Ruby’s Garden, 4925 Shattuck Avenue (at 51st Street), Oakland, (510) 595-5325.

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Udder style

When she arrived in the Bay Area from Paris a few years ago, Mona Yang discovered that she couldn’t find the kind of clothing for her daughter that had been available in Europe. So she began making informal buying trips across the Atlantic, trolling tiny boutiques for classic, durable items. Soon her passion became a business plan.

“I would travel to New York or Paris and pick up things for my daughter,” she says. “Finally it occurred to me that I should open a store.”

The shop, called milk, carries clothes for children 0 to 6 made by designers out of San Francisco, New York, France, Italy and Sweden. Yang’s current favorites are dresses and skirts by Bonpoint, cashmere cardigans by Ovale and hoodies by Makie. “The look is simple, European, with neutral colors,” Yang says. “And our things are of excellent quality—you can wash them over and over and they stay the same.”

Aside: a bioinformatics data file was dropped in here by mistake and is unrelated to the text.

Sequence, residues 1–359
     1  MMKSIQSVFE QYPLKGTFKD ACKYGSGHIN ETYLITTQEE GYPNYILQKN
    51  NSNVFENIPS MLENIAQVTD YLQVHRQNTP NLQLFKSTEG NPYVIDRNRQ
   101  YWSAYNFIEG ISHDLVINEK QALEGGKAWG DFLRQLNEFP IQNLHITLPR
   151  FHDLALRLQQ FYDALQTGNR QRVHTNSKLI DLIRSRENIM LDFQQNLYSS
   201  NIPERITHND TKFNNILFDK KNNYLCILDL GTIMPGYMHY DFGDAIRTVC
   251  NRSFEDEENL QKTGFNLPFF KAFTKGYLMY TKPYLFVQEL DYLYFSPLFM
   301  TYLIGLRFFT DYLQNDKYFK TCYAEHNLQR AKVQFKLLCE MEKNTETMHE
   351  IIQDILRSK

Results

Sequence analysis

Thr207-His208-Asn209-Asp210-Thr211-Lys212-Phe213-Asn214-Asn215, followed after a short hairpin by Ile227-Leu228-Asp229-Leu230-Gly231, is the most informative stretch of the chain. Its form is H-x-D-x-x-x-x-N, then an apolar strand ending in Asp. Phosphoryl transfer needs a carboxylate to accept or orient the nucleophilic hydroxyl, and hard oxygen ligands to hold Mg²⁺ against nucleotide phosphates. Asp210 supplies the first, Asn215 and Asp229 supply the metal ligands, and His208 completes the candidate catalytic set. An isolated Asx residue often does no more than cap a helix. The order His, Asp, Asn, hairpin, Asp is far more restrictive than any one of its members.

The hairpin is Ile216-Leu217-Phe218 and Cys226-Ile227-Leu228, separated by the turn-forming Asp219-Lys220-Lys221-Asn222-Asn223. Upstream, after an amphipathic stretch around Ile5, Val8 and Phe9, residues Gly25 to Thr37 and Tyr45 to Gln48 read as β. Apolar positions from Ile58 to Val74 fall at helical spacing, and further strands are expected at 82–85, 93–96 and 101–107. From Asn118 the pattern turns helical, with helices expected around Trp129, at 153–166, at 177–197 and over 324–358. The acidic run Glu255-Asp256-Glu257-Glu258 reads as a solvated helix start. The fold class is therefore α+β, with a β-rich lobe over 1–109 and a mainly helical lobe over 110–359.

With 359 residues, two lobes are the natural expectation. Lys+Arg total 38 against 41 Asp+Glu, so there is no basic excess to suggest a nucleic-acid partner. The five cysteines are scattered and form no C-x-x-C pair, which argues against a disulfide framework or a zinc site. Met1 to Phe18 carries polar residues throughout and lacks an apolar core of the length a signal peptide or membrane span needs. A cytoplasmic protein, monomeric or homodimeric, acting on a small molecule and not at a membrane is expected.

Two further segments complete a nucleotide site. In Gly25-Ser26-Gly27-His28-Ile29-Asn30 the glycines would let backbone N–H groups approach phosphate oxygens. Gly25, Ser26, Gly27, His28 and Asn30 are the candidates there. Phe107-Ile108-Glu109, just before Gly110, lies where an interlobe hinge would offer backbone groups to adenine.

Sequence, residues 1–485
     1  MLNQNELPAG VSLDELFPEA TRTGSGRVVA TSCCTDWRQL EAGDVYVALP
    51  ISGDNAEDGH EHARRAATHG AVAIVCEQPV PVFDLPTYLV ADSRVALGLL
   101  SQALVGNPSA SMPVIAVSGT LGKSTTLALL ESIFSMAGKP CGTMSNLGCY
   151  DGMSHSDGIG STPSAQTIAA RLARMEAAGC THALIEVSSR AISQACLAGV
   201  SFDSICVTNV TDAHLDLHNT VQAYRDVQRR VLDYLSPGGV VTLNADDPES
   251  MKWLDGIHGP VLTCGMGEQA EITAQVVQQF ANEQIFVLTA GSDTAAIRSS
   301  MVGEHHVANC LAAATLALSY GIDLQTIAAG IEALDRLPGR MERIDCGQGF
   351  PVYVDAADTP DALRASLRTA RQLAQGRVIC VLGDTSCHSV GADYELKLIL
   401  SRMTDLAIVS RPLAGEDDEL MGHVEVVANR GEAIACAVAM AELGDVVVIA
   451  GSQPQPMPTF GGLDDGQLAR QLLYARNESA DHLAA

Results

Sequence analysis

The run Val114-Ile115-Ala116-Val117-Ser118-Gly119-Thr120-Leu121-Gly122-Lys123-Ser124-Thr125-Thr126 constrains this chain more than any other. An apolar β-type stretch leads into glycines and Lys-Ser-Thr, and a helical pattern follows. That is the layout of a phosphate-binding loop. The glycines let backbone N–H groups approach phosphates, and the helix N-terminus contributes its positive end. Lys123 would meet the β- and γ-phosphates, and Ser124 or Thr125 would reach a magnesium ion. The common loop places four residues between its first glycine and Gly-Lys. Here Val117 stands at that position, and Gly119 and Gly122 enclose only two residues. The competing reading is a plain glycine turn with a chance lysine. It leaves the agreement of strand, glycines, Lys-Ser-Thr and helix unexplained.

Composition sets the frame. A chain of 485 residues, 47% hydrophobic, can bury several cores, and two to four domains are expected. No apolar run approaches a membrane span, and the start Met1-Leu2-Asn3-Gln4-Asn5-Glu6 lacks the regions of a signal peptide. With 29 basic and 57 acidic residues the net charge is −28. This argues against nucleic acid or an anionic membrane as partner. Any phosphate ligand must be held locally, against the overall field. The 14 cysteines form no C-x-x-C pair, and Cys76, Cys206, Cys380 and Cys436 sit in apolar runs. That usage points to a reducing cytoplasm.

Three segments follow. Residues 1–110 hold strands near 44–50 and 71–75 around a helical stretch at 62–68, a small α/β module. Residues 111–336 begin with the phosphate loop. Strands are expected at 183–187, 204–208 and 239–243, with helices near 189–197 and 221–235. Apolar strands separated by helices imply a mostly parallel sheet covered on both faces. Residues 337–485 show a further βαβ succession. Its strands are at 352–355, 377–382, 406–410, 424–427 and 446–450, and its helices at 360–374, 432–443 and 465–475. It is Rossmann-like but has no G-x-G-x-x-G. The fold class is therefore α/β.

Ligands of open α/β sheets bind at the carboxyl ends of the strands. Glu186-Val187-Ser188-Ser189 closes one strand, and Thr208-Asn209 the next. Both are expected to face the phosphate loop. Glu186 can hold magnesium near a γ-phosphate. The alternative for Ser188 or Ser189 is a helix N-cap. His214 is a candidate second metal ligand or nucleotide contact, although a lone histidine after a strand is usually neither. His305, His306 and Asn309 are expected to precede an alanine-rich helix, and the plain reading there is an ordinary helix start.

It’s not just the kids who benefit from milk: For mothers, Yang offers a line of high-end jewelry made by two French designers: Marie Hélène de Taillac and Dinh Van (who spent more than 20 years at Cartier).

Why “milk”? “I came up with the name when I was breastfeeding my daughter,” Yang laughs. “After all, what does a child need? Love, safety and milk.”

milk, 5833 College Avenue, Oakland, (510) 547-6455.

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Back on track